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grundig 80U (80 U) Rescued

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Forum » Radios and other type of sets (Physics) etc. » MODELS DISPLAYED » grundig 80U (80 U) Rescued
Joe Sousa
Joe Sousa
USA  Articles: 659
Schem.: 193
Pict.: 418
10.Dec.08 02:12

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RMORG member Ross Hochstrasser gave me a Grundig Model 80 recently. Thank you Ross!

This very rare radio (in the USA) was the first model in the extraordinarily sucsessful line of 3 tube radios that lasted from 1955 until the end of the tube era in the late 1960's.

This radio was missing the speaker, power transformer, rear cover, knobs, the Ferrite antenna and two tubes.

A spare Speaker from a model 85 was a perfect fit.

I used a small 9V/2A transformer with dual 120V primaries from my junk box. I removed a few turns from the secondary to get 6.3V under the 1,2A heater and pilot light load. One of the primaries takes 120V power from the wall, while the other 120V primary is used as a secondary to generate 250V with a voltage doubler I added. The voltage doubler is made with a 10uF electrolytic cap driving a 1N4007 diode in the first stage of the doulbler. A second IN4007 diode rectifies the 0-320V elevated sinewave into 320VDC. The original power suppliy filter capacitor reformed properly, so it serves as the second stage capacitor of the voltage doubler. The DC load current of the Radio around 60mA drops B+ from unloaded 320V to the nominal 250V required for operation. This voltage is adjusted with the value of the 10uF input capacitor of the voltage doubler.

When using a dual primary transformer to get B+ and low voltage for the heaters, you should not draw more than 75% of the transformer current rating because only one primary is used, so the resistive primary losses are doubled. Normal dual primary connection for 120V input is with both primaries in parallel to reduce resistive primary losses.

The set was designed with a transformer for the heaters and direct rectification of 240V without galvanic isolation. With my new transformer, I am now fully isolated.

This new transformer did not fit conveniently inside the set, so I mounted it in an isolated case on top of the set. Then I took advantage of the weight of the transformer to mount a set of rabbit ears and provide the set with a good FM antenna. I also added an FM center channel tuning indicator in front of the transformer block. I find the meter very useful for accurate FM tuning.


Detail of the transformer case shows the use of banana jack posts to secure the commercially made 3 foot long rabbit ear steel rods. The banana jacks connect conveniently to the 300 Ohm twin lead. The transformer case is constructed from discarded PCB material.

The ECL113 tube has an unusual 8 pin base with a locking notch, and is hard to find, so I temporarily adapted an ECL86 and an ECL80 to see how well they would work. The ECL86 delivered more power than the ECL113, which I eventually found.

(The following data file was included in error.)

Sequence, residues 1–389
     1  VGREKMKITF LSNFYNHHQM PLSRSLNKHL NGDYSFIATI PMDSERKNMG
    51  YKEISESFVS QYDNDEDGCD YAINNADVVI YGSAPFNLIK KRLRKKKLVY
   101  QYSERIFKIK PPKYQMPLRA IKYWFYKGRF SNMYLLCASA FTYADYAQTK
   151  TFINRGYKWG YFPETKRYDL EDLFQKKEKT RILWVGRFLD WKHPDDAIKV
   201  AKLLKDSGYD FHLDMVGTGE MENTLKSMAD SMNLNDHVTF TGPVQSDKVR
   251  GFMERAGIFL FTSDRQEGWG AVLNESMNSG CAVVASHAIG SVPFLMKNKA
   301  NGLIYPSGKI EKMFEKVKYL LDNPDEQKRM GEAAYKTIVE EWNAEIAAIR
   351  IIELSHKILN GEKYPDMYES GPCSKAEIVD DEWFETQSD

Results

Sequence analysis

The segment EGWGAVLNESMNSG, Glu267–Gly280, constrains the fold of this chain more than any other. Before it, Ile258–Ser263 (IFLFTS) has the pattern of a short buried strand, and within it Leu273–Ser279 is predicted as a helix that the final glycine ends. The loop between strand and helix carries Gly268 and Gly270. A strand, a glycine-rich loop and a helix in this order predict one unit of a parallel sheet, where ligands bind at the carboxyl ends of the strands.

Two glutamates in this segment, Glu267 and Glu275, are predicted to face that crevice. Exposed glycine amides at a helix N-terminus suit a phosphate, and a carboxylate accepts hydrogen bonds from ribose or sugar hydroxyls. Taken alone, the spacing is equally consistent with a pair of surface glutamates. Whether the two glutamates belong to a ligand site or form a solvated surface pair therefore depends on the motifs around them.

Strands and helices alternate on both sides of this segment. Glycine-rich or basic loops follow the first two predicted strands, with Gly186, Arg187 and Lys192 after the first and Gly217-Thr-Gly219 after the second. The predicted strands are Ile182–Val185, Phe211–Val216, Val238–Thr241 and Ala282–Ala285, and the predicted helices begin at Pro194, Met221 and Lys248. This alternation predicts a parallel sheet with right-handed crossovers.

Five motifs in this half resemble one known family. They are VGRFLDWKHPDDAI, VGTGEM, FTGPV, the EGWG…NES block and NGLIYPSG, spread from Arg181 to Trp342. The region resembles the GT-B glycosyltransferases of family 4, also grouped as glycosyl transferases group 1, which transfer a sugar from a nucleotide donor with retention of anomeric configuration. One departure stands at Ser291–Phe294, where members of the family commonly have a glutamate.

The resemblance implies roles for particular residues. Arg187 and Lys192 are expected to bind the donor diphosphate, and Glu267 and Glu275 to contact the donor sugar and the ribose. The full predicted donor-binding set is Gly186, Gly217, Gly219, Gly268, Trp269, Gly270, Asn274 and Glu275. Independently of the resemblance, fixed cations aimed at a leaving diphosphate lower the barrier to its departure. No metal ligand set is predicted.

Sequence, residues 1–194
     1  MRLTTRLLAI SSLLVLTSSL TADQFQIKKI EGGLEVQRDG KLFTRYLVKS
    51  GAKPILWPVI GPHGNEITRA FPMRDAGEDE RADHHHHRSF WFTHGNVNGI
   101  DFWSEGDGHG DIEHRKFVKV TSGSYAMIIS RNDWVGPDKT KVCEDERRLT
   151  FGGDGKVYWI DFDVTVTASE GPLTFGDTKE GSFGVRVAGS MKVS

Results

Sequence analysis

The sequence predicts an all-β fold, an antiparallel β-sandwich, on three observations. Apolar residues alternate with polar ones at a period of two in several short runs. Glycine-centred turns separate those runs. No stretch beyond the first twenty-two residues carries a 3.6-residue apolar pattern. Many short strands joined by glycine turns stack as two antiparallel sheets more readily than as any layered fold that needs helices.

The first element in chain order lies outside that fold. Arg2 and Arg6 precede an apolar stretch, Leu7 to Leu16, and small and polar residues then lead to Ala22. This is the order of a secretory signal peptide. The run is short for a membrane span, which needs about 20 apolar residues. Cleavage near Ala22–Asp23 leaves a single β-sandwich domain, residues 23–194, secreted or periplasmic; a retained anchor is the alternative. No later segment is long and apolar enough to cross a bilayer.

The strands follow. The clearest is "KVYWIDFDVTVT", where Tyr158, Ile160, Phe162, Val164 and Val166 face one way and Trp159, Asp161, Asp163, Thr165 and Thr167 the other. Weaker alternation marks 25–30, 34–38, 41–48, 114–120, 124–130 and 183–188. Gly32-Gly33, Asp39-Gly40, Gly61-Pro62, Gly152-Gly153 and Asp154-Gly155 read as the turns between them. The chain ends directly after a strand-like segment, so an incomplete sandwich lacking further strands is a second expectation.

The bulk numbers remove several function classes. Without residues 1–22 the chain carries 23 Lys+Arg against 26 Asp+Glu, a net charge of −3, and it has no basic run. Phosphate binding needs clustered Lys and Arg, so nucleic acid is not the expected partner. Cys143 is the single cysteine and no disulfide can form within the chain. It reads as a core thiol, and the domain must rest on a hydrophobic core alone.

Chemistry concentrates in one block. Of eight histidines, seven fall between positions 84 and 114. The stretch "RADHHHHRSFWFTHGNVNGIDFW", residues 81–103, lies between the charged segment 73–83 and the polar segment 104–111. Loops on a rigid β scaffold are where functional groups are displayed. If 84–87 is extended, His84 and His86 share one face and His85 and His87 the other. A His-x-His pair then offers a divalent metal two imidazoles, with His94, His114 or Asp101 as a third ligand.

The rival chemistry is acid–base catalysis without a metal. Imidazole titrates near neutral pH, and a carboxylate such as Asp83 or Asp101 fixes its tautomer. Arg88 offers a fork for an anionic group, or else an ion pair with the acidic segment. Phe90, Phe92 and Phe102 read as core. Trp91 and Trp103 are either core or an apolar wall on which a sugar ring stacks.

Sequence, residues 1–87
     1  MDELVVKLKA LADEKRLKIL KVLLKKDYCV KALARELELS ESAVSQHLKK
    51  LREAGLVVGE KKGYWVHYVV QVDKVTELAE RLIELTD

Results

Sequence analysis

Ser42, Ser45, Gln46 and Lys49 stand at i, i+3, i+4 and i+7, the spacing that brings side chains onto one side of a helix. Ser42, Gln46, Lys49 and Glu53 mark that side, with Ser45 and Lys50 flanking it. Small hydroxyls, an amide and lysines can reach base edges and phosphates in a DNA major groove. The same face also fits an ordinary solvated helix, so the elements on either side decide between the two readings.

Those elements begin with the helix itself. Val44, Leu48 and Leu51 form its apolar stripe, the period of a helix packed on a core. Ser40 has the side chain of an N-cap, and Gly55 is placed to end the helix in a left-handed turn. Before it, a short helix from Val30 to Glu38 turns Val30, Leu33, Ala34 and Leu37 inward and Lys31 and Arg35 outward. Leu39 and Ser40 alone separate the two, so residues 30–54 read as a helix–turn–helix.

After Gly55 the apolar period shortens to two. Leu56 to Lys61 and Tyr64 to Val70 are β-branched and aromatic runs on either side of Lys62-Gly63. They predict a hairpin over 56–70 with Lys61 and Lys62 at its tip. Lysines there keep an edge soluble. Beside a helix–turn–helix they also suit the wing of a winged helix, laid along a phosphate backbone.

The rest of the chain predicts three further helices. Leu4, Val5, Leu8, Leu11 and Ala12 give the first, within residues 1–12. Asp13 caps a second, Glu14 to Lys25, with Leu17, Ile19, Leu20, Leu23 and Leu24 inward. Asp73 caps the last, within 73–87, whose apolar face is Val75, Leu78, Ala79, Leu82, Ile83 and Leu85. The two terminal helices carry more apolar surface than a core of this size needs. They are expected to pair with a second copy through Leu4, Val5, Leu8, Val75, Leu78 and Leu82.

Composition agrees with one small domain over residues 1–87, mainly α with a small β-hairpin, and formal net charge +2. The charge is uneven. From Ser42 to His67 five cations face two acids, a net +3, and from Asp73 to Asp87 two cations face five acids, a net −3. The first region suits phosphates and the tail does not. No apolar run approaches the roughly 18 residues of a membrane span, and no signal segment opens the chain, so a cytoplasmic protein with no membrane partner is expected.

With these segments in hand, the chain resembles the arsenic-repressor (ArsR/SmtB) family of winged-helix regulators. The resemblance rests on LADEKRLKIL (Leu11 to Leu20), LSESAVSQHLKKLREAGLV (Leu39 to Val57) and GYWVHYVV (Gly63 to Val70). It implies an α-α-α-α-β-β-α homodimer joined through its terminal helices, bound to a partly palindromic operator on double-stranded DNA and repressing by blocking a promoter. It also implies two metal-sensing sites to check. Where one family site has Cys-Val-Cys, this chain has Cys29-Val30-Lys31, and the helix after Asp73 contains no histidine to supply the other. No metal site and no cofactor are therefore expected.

See the home made adapter in this rear view of the set.

The meter is a center zero type with +/-50uA full scale deflection. The meter connection is made between the first output filter capacitor with a new 50k resistor, and the wiper of new 50k pot that is wired across the 2.5uF electrolytic capacitor in the ratio detector. This pot should be adjusted for equal deflection when mistuning up or down. The centering pot is visible in this picture. It was mounted with exterior access at the rear of the chassis.

Although the ECL113 cathode bias 25uF capacitor tested OK, it's internal equivalent series resistance had become too high, and made the audio amplifier prone to very loud oscillations. This problem was corrected by adding a new 50uF capacitor in parallel with the old cap.

The next problem was the missing Ferrite antenna: I found an old ferrite rod with approximatelly the right size, then I took the litz winding that it came with and cut it into two separate windings, was existed originally. I reduced the number of turns on both coils until I got proper tuning at the low end of the AM dial. I measured the resulting inductance at the time, but did not write it down. The value was somewhere around 100uH. The separation of the two coils changes the total inductance and can be used to align the low end of the AM dial. The trim capacitor adjusts the alignment at the high end of the dial. This all worked very well and I got good performance over the entire AM dial.

But the ferrite coupling coil for the external antenna was still missing. I found a choke in my spare parts that had roughly the right number of thurns on a short core of the same diameter, so i just glued it to the end of the main ferrite antenna I built. See folowing ferrite antenna detail.

I had to make do with knobs that were of the right size, but did not match.

I enjoy the sound I get from this rescued set.

Comments invited,

-Joe Sousa




This article was edited 10.Dec.08 02:14 by Joe Sousa .